“Oh,” she said, surprised when she looked down to find both soles were already clean. She didn’t remember Eddie cleaning them and had assumed he had left them out there to do another time, but regardless she was pleased she had saved them from a soaking. And besides, there was nothing worse than having to clean shit off of shoes.


Later that night, Angie looked at the clock on the mantle piece to see that it was drawing close to midnight. She stretched out her legs on the sofa and yawned, deciding that there was no way she could stay awake to see Eddie when he came home. Banjo mimicked her stretch and looked at her expectantly.
“Is it that time again, mister?” she said, affectionately stroking his neck. “Come on then.”
She wandered into the kitchen, with Banjo shadowing her, and went to the back door, knowing that if he saw the rain, she’d have a hard job getting him to go out. Fussy old mutt hated getting his feet wet. She had to get him so his nose was practically touching the glass, before opening the door and quickly pushing him out.
The door swung open and drops of rain quickly hit the step and Banjo’s face. He hesitated and tried to back up.
“No, no, no, boy. Come on, you gotta go out and pee. There’s no way you’re doing it on the bedroom rug,” Angie groaned. She tried pushing him, but the dog wouldn’t move. Instead he whined and tried to get past her.
She fielded him back to the door and pointed out to the garden, raising her voice authoritatively.
“Out. Now!” she commanded, grabbing hold of his collar and tugging him to the step. The dog whined even louder now and pulled back. Angie’s feet slid on the rain spattered floor and she tumbled, crying out in pain as her knees hit the tiled floor hard, yet still managing to keep a grip on Banjo’s collar.
“What the hell is wrong with you, you damn mutt? It’s just a bit of bloody water!”
It was then she heard the banging.
Turning her face to the garden, she waited and strained to listen beyond the sound of the rain drops hitting every surface. Hearing nothing, she laughed softly to herself before turning back to Banjo.
“Think you’re gonna spook me again, eh boy? Come on….” She stopped mid sentence, seeing how Banjo’s gaze was fixed on something in the garden and his ears were pricked up.
She could definitely hear banging. It was faint and muted by the rain, but there was a definite banging noise coming from somewhere at the end of the garden. Angie’s eyes flipped in the direction of the shed.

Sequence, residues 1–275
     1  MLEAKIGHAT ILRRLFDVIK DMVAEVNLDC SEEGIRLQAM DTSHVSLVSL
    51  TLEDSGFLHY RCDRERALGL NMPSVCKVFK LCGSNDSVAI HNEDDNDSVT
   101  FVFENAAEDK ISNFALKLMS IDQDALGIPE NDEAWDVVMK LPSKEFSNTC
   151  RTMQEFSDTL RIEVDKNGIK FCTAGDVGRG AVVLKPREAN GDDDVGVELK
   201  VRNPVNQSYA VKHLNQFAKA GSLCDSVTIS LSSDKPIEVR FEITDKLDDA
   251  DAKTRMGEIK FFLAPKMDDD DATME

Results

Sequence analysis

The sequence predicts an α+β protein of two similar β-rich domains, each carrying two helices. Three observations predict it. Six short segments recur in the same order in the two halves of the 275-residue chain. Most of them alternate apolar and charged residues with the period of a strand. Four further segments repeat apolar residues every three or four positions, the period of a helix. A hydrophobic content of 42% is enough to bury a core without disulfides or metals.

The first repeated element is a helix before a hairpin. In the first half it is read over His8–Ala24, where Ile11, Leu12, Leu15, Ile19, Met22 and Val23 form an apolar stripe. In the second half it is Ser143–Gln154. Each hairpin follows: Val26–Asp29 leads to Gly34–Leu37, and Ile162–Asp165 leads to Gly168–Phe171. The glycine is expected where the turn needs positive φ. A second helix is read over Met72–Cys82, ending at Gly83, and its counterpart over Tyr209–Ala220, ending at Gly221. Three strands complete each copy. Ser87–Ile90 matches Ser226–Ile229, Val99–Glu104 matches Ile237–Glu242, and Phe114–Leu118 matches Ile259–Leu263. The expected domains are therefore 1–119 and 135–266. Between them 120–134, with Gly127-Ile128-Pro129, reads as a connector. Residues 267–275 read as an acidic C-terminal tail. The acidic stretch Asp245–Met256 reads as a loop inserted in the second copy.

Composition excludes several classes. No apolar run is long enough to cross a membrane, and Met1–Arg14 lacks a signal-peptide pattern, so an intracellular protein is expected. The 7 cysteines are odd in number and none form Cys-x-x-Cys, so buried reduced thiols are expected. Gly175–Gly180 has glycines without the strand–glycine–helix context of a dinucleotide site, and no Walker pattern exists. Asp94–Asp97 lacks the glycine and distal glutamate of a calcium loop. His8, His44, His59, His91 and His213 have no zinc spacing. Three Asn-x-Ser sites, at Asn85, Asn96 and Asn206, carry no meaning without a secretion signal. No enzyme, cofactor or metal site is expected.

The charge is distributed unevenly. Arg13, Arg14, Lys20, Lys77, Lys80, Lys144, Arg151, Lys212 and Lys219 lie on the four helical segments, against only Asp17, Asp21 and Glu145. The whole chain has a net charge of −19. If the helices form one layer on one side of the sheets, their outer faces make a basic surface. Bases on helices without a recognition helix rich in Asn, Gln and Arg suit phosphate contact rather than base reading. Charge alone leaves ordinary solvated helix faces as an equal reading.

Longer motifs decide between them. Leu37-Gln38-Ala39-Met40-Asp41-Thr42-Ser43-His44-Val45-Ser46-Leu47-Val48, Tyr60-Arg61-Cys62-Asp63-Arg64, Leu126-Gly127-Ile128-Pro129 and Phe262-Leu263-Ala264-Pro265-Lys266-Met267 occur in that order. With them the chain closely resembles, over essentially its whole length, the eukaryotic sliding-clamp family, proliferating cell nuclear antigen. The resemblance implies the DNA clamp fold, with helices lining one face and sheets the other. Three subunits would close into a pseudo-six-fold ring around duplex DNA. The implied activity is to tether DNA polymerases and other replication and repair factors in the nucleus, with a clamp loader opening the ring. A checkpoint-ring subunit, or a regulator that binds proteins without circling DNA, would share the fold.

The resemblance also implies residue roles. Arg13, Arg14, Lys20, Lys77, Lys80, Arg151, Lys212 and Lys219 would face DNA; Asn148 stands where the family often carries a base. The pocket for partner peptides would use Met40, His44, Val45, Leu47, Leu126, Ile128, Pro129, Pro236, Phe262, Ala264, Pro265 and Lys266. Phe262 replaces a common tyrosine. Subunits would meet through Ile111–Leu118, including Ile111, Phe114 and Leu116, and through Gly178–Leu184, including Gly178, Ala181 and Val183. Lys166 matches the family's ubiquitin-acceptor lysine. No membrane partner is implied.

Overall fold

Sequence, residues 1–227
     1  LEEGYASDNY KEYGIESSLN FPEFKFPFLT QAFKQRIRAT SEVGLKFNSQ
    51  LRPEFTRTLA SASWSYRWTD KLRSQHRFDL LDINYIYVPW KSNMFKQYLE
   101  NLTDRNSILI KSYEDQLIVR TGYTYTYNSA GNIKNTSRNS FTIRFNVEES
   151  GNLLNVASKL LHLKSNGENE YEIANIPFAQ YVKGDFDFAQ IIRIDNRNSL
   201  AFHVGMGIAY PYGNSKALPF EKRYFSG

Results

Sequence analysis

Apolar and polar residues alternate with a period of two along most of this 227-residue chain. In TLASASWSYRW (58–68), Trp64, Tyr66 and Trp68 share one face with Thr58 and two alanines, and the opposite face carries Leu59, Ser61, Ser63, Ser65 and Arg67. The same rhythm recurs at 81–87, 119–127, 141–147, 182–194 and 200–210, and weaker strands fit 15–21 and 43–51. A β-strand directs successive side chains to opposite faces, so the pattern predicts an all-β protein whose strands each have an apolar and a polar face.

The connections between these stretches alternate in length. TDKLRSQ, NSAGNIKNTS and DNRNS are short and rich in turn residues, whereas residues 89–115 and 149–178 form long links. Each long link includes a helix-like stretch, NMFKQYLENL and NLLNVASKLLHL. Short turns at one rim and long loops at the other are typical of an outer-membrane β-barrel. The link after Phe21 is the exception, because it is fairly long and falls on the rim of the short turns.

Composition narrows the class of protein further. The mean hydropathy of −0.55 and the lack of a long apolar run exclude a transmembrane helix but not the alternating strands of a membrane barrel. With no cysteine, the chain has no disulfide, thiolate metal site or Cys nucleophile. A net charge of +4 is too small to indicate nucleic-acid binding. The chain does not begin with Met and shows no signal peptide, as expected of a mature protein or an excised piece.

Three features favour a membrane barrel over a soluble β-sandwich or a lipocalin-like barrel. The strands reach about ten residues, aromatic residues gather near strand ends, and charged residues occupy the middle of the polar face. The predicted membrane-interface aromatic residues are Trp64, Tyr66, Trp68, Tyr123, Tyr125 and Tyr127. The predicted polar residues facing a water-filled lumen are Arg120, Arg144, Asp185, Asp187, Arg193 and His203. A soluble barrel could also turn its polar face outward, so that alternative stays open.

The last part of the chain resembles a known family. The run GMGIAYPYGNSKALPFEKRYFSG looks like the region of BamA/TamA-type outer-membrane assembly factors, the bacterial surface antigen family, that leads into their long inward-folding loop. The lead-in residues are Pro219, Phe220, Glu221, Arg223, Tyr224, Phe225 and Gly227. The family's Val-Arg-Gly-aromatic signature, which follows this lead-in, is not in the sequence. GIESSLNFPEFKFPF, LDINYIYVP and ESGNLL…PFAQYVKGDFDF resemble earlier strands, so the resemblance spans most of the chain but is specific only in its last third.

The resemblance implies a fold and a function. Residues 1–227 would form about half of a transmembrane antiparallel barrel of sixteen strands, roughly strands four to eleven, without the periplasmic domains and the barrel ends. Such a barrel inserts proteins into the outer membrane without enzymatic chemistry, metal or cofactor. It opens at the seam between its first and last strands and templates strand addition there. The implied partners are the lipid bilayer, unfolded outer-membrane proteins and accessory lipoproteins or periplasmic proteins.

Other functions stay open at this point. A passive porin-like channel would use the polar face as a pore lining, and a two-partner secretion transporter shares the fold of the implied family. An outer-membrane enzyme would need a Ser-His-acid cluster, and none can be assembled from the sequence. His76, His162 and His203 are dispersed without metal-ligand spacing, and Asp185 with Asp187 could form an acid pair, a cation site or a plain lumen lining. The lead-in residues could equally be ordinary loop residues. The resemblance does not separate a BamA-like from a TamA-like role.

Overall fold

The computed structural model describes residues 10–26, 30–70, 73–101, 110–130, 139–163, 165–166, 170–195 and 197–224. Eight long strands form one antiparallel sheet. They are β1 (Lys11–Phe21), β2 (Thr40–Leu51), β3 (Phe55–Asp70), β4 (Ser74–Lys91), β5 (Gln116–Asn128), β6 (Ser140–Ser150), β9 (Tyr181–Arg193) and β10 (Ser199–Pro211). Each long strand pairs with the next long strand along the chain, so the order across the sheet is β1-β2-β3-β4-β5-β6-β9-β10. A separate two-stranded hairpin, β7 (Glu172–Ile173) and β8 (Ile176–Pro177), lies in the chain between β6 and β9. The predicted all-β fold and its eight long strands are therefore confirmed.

Hearing Eddie’s voice in her head, his mocking jibes about what a baby she was about things that go bump in the night, Angie stood up and glared defiantly at the garden.
“I can do this,” she said out loud “it’s probably nothing. Nothing at all.”
Grabbing the torch from the utility room and a pair of pumps off the rack, Angie stepped out into the garden, immediately wishing she had grabbed a coat to shelter her from the incessant rain. The heat still hung in the air, defying the cold of the storm and creating a tension that did nothing to ease her fears as she tiptoed up the garden. She could hear the banging noise grow louder with every step.
The shadows twisted and crept all around her and Angie felt as if a million evil eyes were upon her as she approached the shed. She could feel them crawling all over her body, coveting every inch of her skin. A noise to her left, a wet sucking sound made her gasp and she swung her torch round, sweeping it across the flowerbeds, searching for some hideous monster which she was sure must be stalking her and about to snatch her and drag her down into the wet mud. Nothing moved. She waited, wondering if that was breathing she heard, but soon realised it was her own breath leaving her in short, hard gasps.
The banging continued and Angie gulped and hesitated, not wanting to go any further but feeling her foot take another step. Then another. Suddenly something brushed against her leg and she screamed, dropping the torch as she jumped back. She felt thick damp fur against her ankles and she looked down in horror to see Charles, the ginger tom cat rubbing against her legs and looking back at her; his eyes iridescent in the moonlight.